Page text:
* Potential strike postponed to late June at earliest
* Fortescue to press labour tribunal to block strike
* Strike would halt over half of Australia's iron ore
(Adds comments from union and Fortescue CEO)
By Sonali Paul
MELBOURNE, May 22 Tugboat workers agreed on
Thursday to suspend plans to go on strike at Australia's biggest
iron ore port till at least late June, just as miners stepped up
efforts to avert action that could halt a quarter of the world's
seaborne iron ore supply.
Deckhands represented by the Maritime Union of Australia
(MUA), working on tugboats that guide iron ore ships in and out
of the port, have threatened to go on strike for up to seven
days, blocking $100 million a day worth of iron ore sales.
The MUA said on Thursday it would hold off industrial action
for 30 days but would seek a 30-day extension on an existing
approval for a possible strike to allow more time for talks with
the tugboat operator, Teekay Shipping.
"Discussions between the two parties this week have been
productive and both parties would like to see if we can reach a
negotiated outcome without the need for industrial action," Will
Tracey, the MUA's West Australian secretary, said in a
The deckhands, who work for 28 days and then get 28 days off
for A$135,000 ($124,400) a year, want more than a 20 percent pay
hike and four weeks extra leave, arguing their long work hours
are equivalent to what people usually put in over 54 weeks.
Any strike at Port Hedland would halt more than half of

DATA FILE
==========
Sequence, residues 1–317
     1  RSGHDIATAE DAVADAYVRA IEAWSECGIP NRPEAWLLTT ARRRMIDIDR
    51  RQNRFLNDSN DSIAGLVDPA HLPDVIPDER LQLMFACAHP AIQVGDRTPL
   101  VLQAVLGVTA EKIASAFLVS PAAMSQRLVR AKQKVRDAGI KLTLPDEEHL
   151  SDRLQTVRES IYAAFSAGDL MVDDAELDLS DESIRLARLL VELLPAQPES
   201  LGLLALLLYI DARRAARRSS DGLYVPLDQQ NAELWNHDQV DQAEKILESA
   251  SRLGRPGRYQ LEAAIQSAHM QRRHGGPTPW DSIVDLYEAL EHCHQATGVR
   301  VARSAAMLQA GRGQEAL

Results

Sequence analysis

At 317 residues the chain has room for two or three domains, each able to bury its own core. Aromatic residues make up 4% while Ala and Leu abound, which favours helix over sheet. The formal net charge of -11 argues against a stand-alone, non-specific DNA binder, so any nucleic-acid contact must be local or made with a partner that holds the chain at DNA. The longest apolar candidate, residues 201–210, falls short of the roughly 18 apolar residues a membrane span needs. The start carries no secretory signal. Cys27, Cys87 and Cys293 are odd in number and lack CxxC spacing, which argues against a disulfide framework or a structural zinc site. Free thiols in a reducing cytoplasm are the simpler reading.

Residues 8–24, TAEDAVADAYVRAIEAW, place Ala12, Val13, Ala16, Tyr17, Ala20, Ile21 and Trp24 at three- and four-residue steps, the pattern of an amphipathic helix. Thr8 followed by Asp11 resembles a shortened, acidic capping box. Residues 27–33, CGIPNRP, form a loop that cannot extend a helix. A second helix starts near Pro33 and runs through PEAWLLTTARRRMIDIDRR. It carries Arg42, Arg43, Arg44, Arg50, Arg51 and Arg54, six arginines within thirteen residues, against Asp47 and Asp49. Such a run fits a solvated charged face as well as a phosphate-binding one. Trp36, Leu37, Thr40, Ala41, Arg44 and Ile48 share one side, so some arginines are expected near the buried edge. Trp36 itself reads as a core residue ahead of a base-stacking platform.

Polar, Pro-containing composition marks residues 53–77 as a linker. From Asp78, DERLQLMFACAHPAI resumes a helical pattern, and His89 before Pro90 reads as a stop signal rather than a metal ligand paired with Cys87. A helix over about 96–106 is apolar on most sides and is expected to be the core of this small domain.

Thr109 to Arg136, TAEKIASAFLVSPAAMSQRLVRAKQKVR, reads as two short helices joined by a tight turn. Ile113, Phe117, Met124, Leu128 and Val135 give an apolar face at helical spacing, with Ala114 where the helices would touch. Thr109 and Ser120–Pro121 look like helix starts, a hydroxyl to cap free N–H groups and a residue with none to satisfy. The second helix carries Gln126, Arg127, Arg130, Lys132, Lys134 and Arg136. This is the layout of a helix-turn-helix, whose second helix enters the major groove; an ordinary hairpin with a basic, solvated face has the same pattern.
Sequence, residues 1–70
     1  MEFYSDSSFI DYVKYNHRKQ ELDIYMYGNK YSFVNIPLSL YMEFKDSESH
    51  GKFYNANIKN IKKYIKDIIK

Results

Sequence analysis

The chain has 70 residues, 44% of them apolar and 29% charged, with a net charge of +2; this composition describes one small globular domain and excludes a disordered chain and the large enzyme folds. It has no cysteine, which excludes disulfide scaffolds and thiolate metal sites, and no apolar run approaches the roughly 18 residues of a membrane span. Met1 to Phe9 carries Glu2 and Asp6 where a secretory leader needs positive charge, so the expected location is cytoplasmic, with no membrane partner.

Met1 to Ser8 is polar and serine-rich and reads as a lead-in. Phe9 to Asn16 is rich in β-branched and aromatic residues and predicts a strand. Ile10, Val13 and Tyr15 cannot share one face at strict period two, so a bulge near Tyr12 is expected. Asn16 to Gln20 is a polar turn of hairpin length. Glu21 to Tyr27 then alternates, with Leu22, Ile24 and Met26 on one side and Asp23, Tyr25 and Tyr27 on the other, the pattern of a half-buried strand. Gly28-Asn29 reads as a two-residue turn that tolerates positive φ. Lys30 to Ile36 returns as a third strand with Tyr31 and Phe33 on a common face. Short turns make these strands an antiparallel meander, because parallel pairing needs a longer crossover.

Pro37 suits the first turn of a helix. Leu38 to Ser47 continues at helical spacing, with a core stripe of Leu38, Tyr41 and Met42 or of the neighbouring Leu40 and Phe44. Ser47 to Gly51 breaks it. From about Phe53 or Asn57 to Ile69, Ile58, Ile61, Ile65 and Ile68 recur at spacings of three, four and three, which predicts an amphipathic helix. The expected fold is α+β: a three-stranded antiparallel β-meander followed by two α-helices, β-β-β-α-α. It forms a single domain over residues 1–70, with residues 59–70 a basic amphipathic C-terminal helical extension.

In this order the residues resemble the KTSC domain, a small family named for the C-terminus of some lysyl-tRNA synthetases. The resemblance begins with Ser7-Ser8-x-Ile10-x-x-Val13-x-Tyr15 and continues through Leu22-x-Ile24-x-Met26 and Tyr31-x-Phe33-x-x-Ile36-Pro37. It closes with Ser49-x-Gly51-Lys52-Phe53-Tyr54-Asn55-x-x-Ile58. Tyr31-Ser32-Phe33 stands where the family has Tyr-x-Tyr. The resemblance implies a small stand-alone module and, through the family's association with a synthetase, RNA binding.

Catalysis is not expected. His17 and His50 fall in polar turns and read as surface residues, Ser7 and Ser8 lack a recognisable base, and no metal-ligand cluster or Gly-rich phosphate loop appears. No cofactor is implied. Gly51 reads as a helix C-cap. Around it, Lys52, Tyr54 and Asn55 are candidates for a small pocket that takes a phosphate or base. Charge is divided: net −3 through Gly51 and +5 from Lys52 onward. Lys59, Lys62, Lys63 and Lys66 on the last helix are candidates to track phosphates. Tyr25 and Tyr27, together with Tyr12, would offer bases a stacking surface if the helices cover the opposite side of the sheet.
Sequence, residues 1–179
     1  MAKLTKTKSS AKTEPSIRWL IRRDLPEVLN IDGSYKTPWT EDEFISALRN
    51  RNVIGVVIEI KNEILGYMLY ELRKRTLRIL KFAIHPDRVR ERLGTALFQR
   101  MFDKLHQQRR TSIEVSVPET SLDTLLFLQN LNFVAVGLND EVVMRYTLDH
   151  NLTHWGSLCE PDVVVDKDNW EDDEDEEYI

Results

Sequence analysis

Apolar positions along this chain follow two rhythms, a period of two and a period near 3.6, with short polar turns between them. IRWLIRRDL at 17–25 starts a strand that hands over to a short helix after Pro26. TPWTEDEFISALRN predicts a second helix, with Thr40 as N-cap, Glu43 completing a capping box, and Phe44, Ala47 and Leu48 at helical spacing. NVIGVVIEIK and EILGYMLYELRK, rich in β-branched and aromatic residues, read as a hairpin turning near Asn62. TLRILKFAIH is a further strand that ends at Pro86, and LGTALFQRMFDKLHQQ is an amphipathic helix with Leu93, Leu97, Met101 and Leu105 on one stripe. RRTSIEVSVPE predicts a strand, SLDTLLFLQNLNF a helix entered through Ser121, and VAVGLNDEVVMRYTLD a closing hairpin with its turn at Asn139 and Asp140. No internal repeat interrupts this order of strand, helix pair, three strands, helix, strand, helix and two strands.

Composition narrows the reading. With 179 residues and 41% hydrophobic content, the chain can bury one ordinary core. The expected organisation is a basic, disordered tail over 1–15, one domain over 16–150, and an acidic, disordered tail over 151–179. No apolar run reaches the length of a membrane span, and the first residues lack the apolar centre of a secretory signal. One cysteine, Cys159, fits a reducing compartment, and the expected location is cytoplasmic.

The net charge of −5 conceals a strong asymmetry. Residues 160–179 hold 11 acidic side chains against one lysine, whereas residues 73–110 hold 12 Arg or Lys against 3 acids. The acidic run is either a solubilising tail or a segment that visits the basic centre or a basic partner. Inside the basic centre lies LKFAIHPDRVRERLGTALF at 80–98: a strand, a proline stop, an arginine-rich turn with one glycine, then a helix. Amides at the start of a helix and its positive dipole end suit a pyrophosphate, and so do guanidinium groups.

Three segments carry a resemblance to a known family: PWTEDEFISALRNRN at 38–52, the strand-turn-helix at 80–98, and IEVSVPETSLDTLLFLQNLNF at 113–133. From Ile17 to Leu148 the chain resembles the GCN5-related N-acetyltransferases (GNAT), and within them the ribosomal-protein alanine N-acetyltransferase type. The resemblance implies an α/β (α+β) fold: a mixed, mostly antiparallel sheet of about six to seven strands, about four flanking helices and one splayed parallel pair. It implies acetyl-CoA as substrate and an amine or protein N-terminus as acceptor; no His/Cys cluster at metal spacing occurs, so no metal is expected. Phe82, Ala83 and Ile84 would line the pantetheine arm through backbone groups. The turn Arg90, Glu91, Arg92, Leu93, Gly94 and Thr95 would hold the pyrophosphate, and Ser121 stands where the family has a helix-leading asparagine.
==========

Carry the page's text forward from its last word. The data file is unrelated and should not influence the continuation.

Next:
Australia's iron ore exports, hitting its No.2 and No.3 iron ore
producers, BHP Billiton and Fortescue Metals
Group Ltd, respectively, as well as Atlas Iron Ltd
, who have all slammed the union's demands.
"There is something wrong with our industrial relations laws
when a small group of 45 people who would like to only work 22
weeks a year and be paid a base rate about three times the base
wage of a first year nurse...can hold to ransom an industry that
generates more export earnings than any other," Fortescue Chief
Executive Nev Power said in a statement.
Fortescue said it was preparing to apply to the Fair Work
labour tribunal to stop a strike on the grounds it would
significantly harm the company, which is not directly involved
in the dispute.
"In the event of a strike, Fortescue will be forced to
consider standing down its operations and the associated
workforces for indefinite periods of time," Power said.
The miners have also been highlighting the potential impact
on Australia's economy, given iron ore is the country's biggest
export earner and a major source of royalties and taxes, which
could also be grounds for the labour tribunal or the government
to stop a strike from going ahead.
Iron ore exports are expected to surge 35 percent to A$76.8
billion this year, according to the Australian Bureau of
Resources and Energy Economics.
Australia's top iron ore producer, Rio Tinto
, would not be affected by a strike at Port Hedland, as
it does not use that port.
($1 = 1.0850 Australian Dollars)
(Editing by Tom Hogue and Muralikumar Anantharaman)